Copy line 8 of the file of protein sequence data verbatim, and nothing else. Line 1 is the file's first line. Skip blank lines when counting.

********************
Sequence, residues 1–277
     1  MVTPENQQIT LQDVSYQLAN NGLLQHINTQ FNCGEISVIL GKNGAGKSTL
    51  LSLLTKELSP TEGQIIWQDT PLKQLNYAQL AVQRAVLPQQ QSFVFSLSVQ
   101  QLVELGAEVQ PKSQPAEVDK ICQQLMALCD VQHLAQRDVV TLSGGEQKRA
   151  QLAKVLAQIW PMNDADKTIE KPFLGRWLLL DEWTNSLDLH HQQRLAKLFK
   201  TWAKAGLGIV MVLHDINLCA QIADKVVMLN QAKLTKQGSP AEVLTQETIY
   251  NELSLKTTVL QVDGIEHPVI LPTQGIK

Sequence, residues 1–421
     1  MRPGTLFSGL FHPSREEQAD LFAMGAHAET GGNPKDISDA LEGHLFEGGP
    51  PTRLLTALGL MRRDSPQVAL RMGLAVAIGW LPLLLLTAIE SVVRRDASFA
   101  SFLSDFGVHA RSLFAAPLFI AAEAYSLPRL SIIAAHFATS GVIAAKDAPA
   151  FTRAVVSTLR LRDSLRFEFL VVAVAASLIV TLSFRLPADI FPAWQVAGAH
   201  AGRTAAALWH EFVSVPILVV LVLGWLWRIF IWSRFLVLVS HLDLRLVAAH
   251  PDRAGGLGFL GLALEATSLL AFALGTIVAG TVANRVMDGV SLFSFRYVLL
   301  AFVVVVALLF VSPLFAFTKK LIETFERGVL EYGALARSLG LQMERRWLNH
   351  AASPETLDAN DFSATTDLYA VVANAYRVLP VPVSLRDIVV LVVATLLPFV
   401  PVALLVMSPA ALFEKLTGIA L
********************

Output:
Sequence, residues 1–421